I have no idea what other columnists at my newspaper earn and have absolutely no interest in that information, even if someone suggested that pudgy, older bald guys with big noses and Philadelphia accents might get short shrift. If I don't like the deal, I'm free to go elsewhere. If the newspaper doesn't like my work, it can hire someone else.
Human-resource managers call it the "at will" hire concept. Really, it's the "free society" concept. Increasingly, that idea is giving way to the "hire a lawyer" or "file a grievance" concepts. The new California Fair Pay Act signed by Gov. Jerry Brown (D) this week is one of the toughest gender-equality measures in the country, but critics say it turns everyone's salary into a potential dispute.
I understand how tough it can be to just find another job, but pay levels are the result of myriad factors ranging from experience, negotiating skills, timing and more. The new law allows employers to use bona fide differences to justify different wage rates, but it is clear the new measure will subject pay differences to endless litigation.
California has long required employers to pay men and women the same wage for the same work. SB 358, however, expands the standard from "same" to "substantially similar."
It's problematic enough to measure the same work. Is Reporter A with 15 years of experience the same as Reporter B with 10 years? What if B spent those years at a big-city newspaper and A spent it at a backwater? But A was the star at Backwater Times and B was a seat warmer. I know. The law is about current job requirements, not past experience. But I've done enough hiring to know jobs expand or shrink with the talents of those who perform them—and not just for salaried jobs. Companies often bid more for talent—and less-experienced workers get a foot in the door by accepting lower pay.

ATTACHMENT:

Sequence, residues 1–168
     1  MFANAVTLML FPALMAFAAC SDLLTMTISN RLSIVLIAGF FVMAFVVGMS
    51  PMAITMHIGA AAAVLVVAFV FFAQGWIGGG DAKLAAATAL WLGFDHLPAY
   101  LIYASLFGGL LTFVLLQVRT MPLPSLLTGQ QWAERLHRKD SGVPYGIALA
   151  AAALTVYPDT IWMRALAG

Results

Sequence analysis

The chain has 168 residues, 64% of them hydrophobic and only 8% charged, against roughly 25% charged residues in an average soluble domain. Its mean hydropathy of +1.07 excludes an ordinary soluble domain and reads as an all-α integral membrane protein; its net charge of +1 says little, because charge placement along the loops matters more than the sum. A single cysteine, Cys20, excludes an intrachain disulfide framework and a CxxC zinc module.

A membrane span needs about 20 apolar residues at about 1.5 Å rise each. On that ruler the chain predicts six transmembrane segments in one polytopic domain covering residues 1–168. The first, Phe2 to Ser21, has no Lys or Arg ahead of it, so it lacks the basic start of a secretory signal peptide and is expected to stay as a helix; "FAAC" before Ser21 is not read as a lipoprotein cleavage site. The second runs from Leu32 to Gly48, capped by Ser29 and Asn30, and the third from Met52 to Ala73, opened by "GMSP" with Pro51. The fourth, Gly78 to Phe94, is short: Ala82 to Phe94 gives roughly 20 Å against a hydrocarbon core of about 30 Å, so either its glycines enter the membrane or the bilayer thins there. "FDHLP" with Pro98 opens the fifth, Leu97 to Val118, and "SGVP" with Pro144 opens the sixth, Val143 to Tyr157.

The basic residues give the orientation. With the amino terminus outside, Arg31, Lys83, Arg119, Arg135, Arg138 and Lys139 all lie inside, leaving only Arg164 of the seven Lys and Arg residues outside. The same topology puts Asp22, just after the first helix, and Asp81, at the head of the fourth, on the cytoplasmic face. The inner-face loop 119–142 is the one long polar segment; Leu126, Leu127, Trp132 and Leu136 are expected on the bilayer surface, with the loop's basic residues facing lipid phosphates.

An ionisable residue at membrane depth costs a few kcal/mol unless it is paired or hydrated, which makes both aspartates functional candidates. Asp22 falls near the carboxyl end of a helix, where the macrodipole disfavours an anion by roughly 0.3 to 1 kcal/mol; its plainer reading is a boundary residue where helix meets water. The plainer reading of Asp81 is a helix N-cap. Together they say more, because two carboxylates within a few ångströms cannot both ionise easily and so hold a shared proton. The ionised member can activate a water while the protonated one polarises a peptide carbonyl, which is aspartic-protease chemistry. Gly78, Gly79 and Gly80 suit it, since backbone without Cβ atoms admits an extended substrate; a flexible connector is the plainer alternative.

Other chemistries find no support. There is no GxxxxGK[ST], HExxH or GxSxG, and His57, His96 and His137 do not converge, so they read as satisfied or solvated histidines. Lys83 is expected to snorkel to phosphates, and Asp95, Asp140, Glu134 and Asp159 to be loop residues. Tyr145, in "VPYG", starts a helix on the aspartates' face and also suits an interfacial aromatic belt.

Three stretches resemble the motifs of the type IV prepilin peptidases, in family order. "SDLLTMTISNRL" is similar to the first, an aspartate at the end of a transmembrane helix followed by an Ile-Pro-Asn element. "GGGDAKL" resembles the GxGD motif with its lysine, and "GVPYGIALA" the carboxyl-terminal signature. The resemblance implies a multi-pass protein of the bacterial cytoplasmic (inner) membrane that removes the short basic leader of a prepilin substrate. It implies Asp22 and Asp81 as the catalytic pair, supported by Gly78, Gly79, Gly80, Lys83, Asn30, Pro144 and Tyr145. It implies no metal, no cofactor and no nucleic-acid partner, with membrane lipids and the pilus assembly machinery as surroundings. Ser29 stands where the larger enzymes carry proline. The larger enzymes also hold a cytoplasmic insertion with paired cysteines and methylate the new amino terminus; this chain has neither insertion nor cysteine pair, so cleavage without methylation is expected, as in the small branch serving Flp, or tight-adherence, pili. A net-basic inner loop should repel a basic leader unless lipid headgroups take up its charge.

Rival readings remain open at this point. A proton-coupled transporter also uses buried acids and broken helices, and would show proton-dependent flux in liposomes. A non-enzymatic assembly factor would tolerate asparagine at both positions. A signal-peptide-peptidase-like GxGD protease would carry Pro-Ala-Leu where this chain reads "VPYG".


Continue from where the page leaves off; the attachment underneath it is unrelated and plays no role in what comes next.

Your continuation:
The new standard puts everything up for debate. It forbids differing wage rates for people of the opposite sex "for substantially similar work, when viewed as a composite of skill, effort and responsibility, and performed under similar working conditions," according to the Senate bill analysis. It leaves exceptions if the wage differential is from seniority systems, merit systems and systems where earnings are based on "quantity or quality of production." In other words, there are enough "outs" to minimize the disruptions.
We all want fairness and equality, but people aren't widgets stamped out equally on an assembly line. My wife works and I have three daughters. My mom tells stories about being the only woman in a male-dominated sales environment. I get it. But is the best way to assure fair pay to subject everything to a lawsuit or hearing in front of administrative number-crunchers?
The law reads as if it were written by trial lawyers. "Substantially similar" is vague language that can only be resolved in court. Existing law bars an employer from banning employees from disclosing their salaries to others. This new law forbids employers from barring their workers from "discussing the wages of others, or inquiring about another employee's wages" if the goal is to enforce the rights in the bill. It's an open invitation for disgruntled employees to try to ferret out information about their co-workers' earnings, complain about discrepancies and start filing grievances. Don't try laying off a worker with a grievance. That opens the door to expanded lawsuits that allege retaliation. Do consider hiring more lawyers.
"Sixty-six years after passage of the California Equal Pay Act, many women still earn less money than men doing the same or similar work," said Gov. Jerry Brown. The law's backers say that women on average earn 77 cents on the dollar, which seems pretty unfair. But others argue the gap shrinks once crucial factors (job type, time on the job, education, age) are included in the formula.
There wasn't much debate on that valid issue, or on the costs imposed on businesses. That's because Republican leaders eagerly signed on to the bill and only two GOP legislators voted no. The California Chamber of Commerce got some concessions and then backed it. If pro-business voices don't care, maybe the rest of us shouldn't, either. But I still don't think hiring a lawyer is the best solution if your pay level seems unfair.